Last week, Mark Hudson, our Head of Business Intelligence, participated in DMCNY’s “Demystifying Advanced TV” panel, alongside Melissa Hutter, Comcast Spotlight’s Director of Measurement Strategy and Scott Grunther, EDO’s EVP and GM of Media Analytics. The Drum’s Andrew Blustein acted as moderator.
The conversation revolved around the state of advanced TV, and the importance of data and best practices for brands looking to take advantage of this emerging space. Here’s a look at some of the panelists’ top insights and tips:
Be Realistic & Start with Linear
Even as brands are beginning to experiment with it as part of their media mixes, advanced TV is still very much in its infancy. Advanced TV buys (like all ad buys) should be continually optimized and measured; it can be helpful for advertisers to begin with their existing linear insights and go from there.
Mark acknowledged that utilizing advanced TV, especially in relation to linear, is “a learning experience” – so patience is key.
“Don’t assume who you’re talking to is talking back,” he advised. Patience can often beget opportunities through experimentation, such as discovering unexpected programs, genres or dayparts that work well for a brand.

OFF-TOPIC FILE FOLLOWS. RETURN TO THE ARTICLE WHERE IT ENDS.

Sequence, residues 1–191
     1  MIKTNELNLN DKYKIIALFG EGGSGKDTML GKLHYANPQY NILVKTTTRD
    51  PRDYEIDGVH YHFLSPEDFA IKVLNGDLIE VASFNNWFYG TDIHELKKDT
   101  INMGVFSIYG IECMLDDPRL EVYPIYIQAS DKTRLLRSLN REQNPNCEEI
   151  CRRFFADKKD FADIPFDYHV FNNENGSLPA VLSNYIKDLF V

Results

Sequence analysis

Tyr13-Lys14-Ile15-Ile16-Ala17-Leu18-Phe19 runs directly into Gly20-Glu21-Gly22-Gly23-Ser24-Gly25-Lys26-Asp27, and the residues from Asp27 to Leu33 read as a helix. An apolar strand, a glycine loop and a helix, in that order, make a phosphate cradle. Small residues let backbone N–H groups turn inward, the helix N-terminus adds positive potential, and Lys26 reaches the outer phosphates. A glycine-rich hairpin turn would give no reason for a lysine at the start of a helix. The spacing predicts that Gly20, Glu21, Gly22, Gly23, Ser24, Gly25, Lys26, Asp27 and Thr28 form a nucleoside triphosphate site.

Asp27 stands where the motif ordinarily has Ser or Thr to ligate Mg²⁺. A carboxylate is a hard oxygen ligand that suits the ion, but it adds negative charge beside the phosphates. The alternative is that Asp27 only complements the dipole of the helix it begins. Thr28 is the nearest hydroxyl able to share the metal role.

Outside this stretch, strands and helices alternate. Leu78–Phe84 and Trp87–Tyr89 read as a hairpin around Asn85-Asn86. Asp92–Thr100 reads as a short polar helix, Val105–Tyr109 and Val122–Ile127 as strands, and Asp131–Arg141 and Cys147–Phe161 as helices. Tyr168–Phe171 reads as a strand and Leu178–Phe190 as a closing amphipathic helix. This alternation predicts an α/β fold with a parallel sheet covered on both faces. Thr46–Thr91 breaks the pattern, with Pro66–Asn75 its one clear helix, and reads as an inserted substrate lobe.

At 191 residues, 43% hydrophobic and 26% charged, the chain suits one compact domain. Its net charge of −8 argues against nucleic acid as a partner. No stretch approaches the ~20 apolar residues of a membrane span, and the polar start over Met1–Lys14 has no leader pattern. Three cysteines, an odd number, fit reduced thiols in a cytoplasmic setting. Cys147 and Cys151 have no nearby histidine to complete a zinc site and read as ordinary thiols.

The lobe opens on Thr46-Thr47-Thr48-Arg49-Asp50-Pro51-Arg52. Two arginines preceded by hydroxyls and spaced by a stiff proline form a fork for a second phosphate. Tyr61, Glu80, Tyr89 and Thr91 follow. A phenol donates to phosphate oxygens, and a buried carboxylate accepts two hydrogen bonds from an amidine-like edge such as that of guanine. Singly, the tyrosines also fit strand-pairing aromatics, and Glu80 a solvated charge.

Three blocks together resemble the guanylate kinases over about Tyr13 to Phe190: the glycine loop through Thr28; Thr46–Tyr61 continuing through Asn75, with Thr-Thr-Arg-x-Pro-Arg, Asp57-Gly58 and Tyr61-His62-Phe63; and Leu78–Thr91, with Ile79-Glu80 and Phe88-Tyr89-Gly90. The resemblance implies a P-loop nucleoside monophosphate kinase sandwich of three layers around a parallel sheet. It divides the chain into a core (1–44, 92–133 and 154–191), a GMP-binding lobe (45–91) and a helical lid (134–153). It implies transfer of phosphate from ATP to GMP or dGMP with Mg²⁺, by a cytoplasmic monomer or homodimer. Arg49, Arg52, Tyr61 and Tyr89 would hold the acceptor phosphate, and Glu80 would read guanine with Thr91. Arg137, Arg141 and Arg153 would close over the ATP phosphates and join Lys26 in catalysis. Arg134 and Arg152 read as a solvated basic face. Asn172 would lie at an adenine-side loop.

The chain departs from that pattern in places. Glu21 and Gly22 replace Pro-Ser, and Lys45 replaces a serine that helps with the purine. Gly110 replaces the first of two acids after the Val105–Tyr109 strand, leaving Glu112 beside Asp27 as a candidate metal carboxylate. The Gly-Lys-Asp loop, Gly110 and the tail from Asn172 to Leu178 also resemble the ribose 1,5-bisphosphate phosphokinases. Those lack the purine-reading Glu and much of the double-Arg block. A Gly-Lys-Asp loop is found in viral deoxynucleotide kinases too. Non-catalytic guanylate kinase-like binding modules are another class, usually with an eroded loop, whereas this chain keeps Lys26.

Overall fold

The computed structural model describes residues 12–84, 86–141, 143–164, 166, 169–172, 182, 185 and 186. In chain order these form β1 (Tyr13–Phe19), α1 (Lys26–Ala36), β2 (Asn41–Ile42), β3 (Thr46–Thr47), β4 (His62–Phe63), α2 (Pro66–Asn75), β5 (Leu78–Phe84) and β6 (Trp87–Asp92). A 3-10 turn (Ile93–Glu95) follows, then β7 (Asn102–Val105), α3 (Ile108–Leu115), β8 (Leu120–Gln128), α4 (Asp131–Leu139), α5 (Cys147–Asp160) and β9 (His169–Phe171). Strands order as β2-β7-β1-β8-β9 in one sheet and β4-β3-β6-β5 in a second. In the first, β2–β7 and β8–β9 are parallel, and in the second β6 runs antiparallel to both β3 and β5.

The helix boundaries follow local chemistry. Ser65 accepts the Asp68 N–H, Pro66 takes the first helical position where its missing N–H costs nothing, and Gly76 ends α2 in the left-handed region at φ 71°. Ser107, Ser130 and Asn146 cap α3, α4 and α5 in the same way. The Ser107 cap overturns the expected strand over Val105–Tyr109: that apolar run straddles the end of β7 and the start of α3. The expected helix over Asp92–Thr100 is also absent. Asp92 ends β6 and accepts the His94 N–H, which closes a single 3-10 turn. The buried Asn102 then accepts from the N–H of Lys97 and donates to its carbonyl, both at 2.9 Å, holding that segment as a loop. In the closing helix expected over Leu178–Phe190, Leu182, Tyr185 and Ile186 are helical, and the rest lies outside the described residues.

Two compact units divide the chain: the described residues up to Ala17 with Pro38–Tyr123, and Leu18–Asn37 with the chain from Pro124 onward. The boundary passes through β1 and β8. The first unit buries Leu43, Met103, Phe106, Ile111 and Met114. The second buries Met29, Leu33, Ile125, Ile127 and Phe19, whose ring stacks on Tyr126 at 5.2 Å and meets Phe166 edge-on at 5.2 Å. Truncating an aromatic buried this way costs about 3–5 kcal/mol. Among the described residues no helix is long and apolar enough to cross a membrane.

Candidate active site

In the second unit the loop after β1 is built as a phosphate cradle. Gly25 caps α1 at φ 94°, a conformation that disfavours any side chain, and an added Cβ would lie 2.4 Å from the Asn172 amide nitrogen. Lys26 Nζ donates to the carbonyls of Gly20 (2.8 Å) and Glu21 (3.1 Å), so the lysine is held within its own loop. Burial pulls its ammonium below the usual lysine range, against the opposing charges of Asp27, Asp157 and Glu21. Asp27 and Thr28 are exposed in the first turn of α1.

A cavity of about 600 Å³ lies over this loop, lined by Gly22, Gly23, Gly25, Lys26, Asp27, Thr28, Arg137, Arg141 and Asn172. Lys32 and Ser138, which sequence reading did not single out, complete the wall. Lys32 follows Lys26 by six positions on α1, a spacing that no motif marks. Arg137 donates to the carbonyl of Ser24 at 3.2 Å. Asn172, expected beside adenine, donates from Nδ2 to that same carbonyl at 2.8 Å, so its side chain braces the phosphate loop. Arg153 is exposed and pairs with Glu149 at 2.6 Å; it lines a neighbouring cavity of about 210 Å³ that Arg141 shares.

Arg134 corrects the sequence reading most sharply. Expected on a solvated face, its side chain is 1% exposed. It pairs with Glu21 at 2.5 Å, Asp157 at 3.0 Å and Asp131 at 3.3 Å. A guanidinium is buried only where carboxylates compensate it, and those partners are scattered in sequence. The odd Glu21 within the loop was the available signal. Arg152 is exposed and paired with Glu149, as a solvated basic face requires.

Hold TV Accountable – Regardless of Type (Linear, VOD, etc.)
Proving effectiveness is integral to any campaign’s success; and data is accountability’s most powerful weapon. “Data is key,” Melissa said, as the TV industry itself is continually embracing “more digital-like tactics.”
Of course, the type of data also matters, especially when considering what it can or cannot do. Mark explained how, “neither deterministic or probabilistic [data] are a perfect solution, [but] both work toward the middle,” and can work together to provide advertisers with thorough, valuable insights.
Understand the Changing Focus of Networks
With the panel taking place on the heels of the Upfronts, the panel spent some time reflecting on some major industry trends. Scott said how, during this year’s Upfront presentations, there was a “greater push toward data” compared to previous years.
Still, he made it clear that networks can no longer “rest on their laurels.” It’s no longer enough for networks to rely on their established reputations; they must also be willing and able to move forward with more data-driven results that prove the effectiveness of their particular programming.
He noted how one important way some networks are taking this step forward is by working with tech companies, such as TVSquared, to prove TV’s viability as a performance-driven channel.
Looking ahead, data will continue to be integral to advertisers looking to maximize TV’s effectiveness across all screens and guarantee the best possible results from their campaigns.